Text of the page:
There is a universal law of balance that affects all of us. It basically states that here is a direct relationship between the action you take now, and the results yielded later. You will agree that this law is simple, transparent and relatable; but are we as Africans truly conscious of it, especially when it comes to satisfying our short-term desires without taking into consideration the long-term effects of our actions.
It is obvious that there is an imbalance in Africa's Foreign Aid and Loan Structure. This is because, despite the amount of loans and foreign aid Africa has accessed since the last five decades, there is no tangible development in the continent. Also, there are hardly any evidence-based achievements that can be tied directly to the acquisition of these foreign aids.
In addition to the recent $60 billion pledge to Africa by China earlier this year, Africa has gotten more than $200 billion from China alone since 2015 in direct and indirect investments.
Also, financial reports from the World Bank reveal that Africa receives an average of $100 billion from the World Bank yearly; coupled with the IMF, donors and philanthropists like the Bill and Melinda Gates Foundation, etc. Africa has received trillions of dollars, yet there is no tangible development to show and we continue to live in abject poverty.
Among the many questions economists find hard to answer are: What total amount of loans does the continent need? And do beneficiary countries have the structural requirements to successfully pay off debts without experiencing financial problems?
The answer is simple: The financial administrative structures across Africa are not transparent enough to allow for proper accounting of state finances.
For instance, the IMF and World Bank loan facilities in the 1980s intended for industrializing the continent were a monumental failure due to the lack of transparency in recipient countries.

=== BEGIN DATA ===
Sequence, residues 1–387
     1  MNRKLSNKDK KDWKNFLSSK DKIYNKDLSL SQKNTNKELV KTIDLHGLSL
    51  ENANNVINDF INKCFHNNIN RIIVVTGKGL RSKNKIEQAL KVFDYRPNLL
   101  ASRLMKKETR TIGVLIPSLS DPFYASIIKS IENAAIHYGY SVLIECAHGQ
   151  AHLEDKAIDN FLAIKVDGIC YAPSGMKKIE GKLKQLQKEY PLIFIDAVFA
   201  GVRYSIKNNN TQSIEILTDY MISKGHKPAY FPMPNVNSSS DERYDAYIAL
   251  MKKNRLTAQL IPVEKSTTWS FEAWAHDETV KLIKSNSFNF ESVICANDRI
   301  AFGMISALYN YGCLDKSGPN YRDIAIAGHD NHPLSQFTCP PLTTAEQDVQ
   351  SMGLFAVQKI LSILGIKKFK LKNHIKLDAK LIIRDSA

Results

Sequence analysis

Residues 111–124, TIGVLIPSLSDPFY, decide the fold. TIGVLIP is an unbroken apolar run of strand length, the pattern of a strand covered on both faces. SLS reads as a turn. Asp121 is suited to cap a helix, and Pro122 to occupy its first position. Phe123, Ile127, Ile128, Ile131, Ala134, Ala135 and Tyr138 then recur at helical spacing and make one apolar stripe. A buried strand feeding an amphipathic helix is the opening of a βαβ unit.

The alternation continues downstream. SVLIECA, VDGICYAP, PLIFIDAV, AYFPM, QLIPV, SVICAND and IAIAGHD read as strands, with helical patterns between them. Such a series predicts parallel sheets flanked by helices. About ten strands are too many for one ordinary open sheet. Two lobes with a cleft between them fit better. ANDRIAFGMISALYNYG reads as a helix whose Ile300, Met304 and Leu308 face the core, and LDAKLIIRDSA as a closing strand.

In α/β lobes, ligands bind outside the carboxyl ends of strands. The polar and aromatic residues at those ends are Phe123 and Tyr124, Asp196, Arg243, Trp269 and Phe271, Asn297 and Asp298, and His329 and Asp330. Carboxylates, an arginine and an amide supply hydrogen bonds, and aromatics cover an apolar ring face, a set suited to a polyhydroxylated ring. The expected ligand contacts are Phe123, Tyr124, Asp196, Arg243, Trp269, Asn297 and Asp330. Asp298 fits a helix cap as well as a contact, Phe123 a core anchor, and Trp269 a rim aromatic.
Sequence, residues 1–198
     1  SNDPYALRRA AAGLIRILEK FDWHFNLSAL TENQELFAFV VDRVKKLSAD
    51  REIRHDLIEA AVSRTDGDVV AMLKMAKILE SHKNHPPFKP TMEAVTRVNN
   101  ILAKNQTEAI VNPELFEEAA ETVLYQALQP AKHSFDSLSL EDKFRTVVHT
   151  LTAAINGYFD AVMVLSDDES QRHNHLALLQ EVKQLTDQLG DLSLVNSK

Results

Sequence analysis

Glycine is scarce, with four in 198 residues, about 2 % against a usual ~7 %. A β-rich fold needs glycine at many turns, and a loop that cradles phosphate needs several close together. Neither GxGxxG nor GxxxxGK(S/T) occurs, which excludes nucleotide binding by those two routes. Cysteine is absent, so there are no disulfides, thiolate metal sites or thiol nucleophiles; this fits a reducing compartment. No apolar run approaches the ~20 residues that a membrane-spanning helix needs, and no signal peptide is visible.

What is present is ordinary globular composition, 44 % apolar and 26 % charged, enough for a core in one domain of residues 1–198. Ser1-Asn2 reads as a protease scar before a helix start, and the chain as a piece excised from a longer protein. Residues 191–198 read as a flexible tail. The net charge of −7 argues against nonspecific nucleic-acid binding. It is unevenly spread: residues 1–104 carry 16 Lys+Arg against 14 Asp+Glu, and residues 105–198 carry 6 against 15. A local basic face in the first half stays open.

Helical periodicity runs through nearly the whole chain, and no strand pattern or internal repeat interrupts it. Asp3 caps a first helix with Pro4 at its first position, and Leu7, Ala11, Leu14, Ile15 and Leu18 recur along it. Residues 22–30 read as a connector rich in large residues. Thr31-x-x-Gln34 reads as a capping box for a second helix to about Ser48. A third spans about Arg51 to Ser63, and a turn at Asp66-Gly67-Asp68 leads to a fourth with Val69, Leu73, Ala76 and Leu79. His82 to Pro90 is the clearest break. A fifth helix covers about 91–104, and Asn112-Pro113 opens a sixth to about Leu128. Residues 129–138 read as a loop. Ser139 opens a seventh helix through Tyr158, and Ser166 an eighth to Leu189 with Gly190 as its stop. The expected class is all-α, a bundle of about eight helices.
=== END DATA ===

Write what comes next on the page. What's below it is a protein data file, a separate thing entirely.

Within a short period of acquiring billions in loans, most governments could not balance their books. And instead of creditors demanding that existing loans be paid back, they gave out more loans.
Eventually, governments could neither keep up the debt service nor point to successful development projects, and creditors had to cancel the debt through the Multilateral Debt Relief Initiative in 2005.
Unfortunately, as it was then, so it is now. In fact, China is drowning the continent in more debt through its indiscriminate loans.
For instance, Nigerian President Muhammadu Buhari asked China for a $380 million loan to build a power plant just weeks after his administration announced the disbursement of $322 million.
The funds had been recovered from the Swiss bank account of former military dictator, Sani Abacha, who is believed to have stolen them from the treasury during his years in office.
As to why Buhari cannot use the recovered money to finance this project rather than redistributing it to the poor – just ahead of an election – and seeking a loan from China is a question resonating among nearly all African leaders.
Credit: Excerpts from an article on African Liberty were included in this article
Image Credit: Open Source